If you or your spouse anticipate the need for nursing home care in the future, and particularly if you’re concerned about how you’ll finance that care, you’ll likely want to meet with an elder law attorney sooner rather than later.
Given the strict rules that govern Medicaid qualification, the absolute best case scenario is to start planning to qualify for the program at least five years before you actually need apply for benefits. Medicaid imposes a five year “look back” period, which means when you submit an application, you’re required to report any transfers of money or property you’ve made in the 60 months leading up to your application. There’s a wide variety of transactions – like the transfer of assets to your children – that can cause a delay in benefits. Planning early helps because transfers made before this 60 month period are not counted against you when it comes to qualifying for benefits. So, the earlier you get good advice and develop a plan, the more options you’ll have available to you.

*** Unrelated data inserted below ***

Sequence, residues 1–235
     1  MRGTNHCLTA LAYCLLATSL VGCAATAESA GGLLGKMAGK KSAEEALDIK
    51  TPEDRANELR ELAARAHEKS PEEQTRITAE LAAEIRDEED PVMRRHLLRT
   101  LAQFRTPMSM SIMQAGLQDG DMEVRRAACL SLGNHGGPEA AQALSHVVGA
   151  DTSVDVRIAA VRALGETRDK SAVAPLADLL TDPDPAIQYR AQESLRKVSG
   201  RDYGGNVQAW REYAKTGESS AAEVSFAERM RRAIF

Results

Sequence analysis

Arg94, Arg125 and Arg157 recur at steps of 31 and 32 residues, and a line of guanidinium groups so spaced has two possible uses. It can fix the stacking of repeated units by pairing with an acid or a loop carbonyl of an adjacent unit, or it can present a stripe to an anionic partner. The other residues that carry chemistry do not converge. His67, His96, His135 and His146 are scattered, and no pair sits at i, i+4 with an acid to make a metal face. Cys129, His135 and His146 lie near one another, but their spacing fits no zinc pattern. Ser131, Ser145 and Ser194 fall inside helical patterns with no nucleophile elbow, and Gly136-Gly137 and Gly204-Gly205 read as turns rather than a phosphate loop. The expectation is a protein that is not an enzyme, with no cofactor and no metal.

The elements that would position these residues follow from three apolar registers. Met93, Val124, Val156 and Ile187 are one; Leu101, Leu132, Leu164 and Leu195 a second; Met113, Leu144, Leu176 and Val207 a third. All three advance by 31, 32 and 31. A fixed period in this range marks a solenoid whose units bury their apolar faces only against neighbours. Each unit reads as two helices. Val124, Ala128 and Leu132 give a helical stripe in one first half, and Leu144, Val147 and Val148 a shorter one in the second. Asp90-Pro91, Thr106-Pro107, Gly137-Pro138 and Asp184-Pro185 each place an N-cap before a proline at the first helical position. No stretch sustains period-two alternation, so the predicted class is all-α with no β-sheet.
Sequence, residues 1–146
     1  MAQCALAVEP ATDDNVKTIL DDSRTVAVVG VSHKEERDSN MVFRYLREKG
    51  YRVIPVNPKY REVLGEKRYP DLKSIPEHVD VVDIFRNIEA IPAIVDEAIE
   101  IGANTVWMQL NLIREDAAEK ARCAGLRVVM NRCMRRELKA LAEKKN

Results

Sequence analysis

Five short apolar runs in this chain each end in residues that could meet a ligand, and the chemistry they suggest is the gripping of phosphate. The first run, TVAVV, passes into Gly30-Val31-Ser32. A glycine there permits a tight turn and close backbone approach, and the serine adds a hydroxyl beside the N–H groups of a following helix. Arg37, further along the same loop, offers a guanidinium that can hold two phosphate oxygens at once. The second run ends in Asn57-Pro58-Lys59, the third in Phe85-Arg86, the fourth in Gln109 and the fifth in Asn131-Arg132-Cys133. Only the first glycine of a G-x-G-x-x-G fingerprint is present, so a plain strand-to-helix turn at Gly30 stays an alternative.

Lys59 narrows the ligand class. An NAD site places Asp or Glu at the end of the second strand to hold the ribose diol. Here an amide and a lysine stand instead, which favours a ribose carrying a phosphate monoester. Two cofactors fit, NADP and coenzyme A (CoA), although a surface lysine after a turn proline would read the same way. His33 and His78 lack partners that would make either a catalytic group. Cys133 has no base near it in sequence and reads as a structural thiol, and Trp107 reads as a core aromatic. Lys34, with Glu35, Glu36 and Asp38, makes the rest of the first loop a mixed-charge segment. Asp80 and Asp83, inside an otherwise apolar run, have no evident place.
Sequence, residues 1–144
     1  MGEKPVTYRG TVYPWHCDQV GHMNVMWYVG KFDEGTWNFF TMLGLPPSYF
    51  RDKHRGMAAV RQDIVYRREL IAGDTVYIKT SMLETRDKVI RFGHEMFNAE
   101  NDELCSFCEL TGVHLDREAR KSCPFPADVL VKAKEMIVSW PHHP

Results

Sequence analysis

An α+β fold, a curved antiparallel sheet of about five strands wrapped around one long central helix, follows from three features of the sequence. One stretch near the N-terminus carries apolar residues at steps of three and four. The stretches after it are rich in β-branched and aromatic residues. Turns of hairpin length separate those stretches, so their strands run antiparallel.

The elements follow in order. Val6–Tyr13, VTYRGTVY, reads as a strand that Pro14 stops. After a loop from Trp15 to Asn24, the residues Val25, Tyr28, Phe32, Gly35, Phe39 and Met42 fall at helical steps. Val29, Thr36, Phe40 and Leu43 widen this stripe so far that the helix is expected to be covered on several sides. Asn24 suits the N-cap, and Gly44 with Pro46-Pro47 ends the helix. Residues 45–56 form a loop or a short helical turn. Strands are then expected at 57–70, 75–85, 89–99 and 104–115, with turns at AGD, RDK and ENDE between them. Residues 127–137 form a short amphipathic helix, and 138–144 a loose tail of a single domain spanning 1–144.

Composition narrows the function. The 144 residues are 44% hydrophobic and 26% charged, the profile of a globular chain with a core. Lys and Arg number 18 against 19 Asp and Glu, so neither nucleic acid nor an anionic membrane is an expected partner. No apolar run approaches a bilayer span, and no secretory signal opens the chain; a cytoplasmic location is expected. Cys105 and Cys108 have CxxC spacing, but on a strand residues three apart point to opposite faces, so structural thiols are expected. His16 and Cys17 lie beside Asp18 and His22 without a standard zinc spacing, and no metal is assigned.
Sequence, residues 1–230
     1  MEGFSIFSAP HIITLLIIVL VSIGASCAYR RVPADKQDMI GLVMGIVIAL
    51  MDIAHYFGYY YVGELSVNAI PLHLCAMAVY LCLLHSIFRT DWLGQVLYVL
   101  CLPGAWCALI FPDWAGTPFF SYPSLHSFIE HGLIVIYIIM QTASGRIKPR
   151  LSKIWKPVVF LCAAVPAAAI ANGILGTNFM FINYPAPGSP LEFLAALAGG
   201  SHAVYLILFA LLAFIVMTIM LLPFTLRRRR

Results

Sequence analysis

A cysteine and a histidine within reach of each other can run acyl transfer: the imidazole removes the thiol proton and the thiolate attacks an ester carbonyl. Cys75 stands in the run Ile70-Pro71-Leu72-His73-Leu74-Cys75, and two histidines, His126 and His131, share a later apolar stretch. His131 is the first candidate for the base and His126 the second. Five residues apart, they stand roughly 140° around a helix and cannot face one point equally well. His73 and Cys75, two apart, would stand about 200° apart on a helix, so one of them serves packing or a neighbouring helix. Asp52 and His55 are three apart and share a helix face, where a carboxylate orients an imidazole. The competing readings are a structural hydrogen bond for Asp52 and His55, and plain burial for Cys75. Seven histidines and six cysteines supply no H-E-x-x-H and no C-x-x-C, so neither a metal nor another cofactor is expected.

That’s not to say it’s too late to talk to an attorney if you or your spouse will need to submit a Medicaid application in less than five years. The Medicaid rules do allow some “wiggle room” within the 5-year look back period, but failure to follow the rules to the letter can result in problems with your application and, ultimately, delay your benefits. That’s why you’ll want to work with an attorney who is experienced in dealing with Medicaid planning – he or she will be familiar with all the intricacies, and can help you make sure you play by the rules while preserving as much of your property as possible.
Choosing the right advisor and planning as far ahead as possible can help navigate the Medicaid rules with confidence.
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